American Airlines expands in Terminal 5, opens a fourth lounge
Delta’s move to Terminals 1 and 2 gives American Airlines room to expand into Terminal 5, which is connected to their current Terminal 4 homebase.
The airline is in the midst of major renovations and re-branding; the main Admirals Club in Terminal 4 is currently being re-modeled, and while it remains open during construction, it’s more crowded than ever. The adjacent International First Class Lounge—the former Flagship Lounge before the opening of a new-concept Flagship Lounge, who said branding can be confusing?—is also receiving a major face lift and operating over capacity.
It’s therefore a relief that American’s passengers will be soon be able to use a new Admirals Club in Terminal 5, in the footprint of the current Delta Sky Club. We still lack specifics and a timeline, but the airline appears to be targeting a summer opening. The expansive Sky Club benefits from a roomy layout and views on the tarmac. While the food is certain to be downgraded to meet American’s much lower bar, we hope that the airline will retain the shower suites and quiet spaces.
With the small regional Admirals Club in the remote Terminal 4 building, American Airlines will soon operate a total of four lounges at LAX. The airline is expected to provide more details when construction at both Terminals 4 and 5 comes to an end.
The only Virgin America lounge closes its doors
Recently-merged Virgin America and Alaska will consolidate their operations in Terminal 6. The Virgin America Loft—the airline’s only dedicated lounge system wide—closed its doors on May 10th. Until the end of the year, Virgin America First Class passengers and Elevate Gold members will receive complimentary access to the Alaska Lounge in Terminal 6. Virgin America Elevate Silver members will be able to use purchase Alaska Lounge day passes at a discounted rate.
The arrangement will be short lived; early 2018, Alaska is expected to revert to restrict access to club members only.
The Alaska Lounge in Terminal 6 is a cozy, but busy and somewhat old-fashioned space with a strong breakfast offering, a selection of snacks and salads throughout the day, hot food for sale, a kid’s room, and cheerful staff. The airline is expected to announce major upgrades to their club in the June timeframe.
United stays put; Air Canada to open a club in Terminal 6
United is the only major US airline that’s not impacted by the move, which is fortunate since United passengers have, too, endured years of construction in Terminals 7 and 8. The Star Alliance carrier recently opened a brand new United Club, one of the largest in the system with a sleek design, a spacious layout, expansive views, an outdoor terrace, and locally prepared food.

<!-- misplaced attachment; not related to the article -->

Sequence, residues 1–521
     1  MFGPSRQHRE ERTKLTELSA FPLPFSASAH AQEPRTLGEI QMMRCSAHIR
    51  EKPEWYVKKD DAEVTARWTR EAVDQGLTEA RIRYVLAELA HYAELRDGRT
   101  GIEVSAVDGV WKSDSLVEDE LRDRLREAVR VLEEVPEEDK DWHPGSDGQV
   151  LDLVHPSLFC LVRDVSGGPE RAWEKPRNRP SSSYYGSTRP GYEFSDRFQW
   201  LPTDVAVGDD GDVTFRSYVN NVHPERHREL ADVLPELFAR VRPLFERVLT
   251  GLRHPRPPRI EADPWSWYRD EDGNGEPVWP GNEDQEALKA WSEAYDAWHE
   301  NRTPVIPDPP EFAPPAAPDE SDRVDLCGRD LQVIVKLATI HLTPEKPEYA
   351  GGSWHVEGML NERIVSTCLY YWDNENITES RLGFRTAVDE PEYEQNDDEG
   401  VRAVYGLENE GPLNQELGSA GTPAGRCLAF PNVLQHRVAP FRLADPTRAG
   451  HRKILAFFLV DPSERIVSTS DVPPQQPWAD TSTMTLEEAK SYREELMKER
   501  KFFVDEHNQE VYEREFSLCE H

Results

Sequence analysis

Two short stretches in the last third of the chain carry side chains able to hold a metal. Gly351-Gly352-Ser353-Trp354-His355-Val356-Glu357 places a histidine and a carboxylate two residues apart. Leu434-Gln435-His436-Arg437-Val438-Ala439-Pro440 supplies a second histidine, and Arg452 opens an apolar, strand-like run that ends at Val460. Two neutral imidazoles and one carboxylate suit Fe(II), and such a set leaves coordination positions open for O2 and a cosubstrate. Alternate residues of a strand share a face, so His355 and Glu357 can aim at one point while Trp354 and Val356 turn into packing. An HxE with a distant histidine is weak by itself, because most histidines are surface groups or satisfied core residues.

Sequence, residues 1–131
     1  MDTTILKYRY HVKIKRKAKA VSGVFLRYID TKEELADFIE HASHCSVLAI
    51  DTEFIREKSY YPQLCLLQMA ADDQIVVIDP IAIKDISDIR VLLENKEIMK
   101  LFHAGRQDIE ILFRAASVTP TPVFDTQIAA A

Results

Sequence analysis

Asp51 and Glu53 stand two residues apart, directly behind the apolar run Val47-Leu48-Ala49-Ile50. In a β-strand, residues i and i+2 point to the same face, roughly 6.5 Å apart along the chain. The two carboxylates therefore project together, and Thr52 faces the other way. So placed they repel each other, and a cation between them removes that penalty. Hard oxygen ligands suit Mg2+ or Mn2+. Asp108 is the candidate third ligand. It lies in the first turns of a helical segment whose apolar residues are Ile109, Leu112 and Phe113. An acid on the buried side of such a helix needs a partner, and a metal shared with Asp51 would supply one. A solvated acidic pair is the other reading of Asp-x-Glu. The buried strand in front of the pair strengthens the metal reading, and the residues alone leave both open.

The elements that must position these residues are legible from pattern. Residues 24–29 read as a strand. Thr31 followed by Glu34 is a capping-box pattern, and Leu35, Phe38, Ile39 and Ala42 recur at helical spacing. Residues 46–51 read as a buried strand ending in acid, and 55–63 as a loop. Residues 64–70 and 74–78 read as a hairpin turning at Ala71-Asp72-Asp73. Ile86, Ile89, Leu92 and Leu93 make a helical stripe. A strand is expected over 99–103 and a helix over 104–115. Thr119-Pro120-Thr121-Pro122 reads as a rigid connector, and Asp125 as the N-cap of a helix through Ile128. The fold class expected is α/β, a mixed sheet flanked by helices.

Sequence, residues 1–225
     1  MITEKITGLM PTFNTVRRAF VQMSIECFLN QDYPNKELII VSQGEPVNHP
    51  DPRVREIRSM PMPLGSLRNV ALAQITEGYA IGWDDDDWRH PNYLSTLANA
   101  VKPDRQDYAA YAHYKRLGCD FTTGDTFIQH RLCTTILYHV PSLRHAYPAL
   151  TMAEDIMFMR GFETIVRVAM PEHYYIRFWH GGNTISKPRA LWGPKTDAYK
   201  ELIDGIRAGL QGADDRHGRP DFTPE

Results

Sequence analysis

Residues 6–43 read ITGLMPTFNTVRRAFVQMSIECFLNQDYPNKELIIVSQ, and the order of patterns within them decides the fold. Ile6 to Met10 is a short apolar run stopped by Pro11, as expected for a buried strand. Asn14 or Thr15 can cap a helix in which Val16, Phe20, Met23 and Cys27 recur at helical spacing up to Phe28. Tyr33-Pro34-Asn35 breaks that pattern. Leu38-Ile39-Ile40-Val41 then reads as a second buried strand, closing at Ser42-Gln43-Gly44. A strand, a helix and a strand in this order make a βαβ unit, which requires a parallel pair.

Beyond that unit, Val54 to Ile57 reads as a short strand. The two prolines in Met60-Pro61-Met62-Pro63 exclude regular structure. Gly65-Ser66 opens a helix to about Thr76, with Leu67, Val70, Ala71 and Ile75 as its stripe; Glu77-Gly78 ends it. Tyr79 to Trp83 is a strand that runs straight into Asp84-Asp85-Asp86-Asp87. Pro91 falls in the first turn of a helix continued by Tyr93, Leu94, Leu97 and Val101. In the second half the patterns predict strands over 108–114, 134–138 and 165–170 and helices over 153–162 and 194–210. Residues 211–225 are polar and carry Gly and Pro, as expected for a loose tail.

A United Polaris Lounge, exclusively for international business class passengers, is slated to open sometime in 2017 in the space left vacant by the former United Club by gate 73, and will offer luxuries such as a full-service restaurant, private relaxation areas, and shower suites.
United’s partner Air Canada, who is about to shutter their large Maple Leaf Lounge in Terminal 2, will be moving to Terminal 6, steps away from Terminal 7 through an airside connector. Initially, the Canadian airline will direct its passengers to the United Club. On May 17th, Air Canada is scheduled to open a new Maple Leaf Lounge on the mezzanine level of Terminal 6, presumably in the vicinity of the Alaska Lounge, though the details are not known at this time.
Priority Pass members lose two options
Priority Pass, the popular airport lounge access scheme which grants members access to 1,000 lounges worldwide, will be severely impacted by the LAX move. Both the Air Canada Maple Leaf Lounge and the Virgin America Loft, which used to welcome Priority Pass members, are closing down in the process.
This leaves Priority Pass members with a mere two lounge options at Los Angeles airport: the Korean Airlines KAL Business Lounge, an elegant club located in TBIT—far from most domestic terminals—and the Alaska Lounge in Terminal 6. Unfortunately, as of this month, Alaska Airlines implemented restrictions to mitigate crowding, and Priority Pass members will not be able to bring guests to the Alaska Lounge anymore.
The great LAX reshuffling is a stunning feat of coordination, which, in the long term, should bring significant improvements for customers of all three airline alliances. In the next ten days, chaos might ensue—plan accordingly if you’re traveling through LAX and check your terminal and gate number multiple times.
We have asked the airlines for additional information on their new lounge offerings and will report back as soon as possible.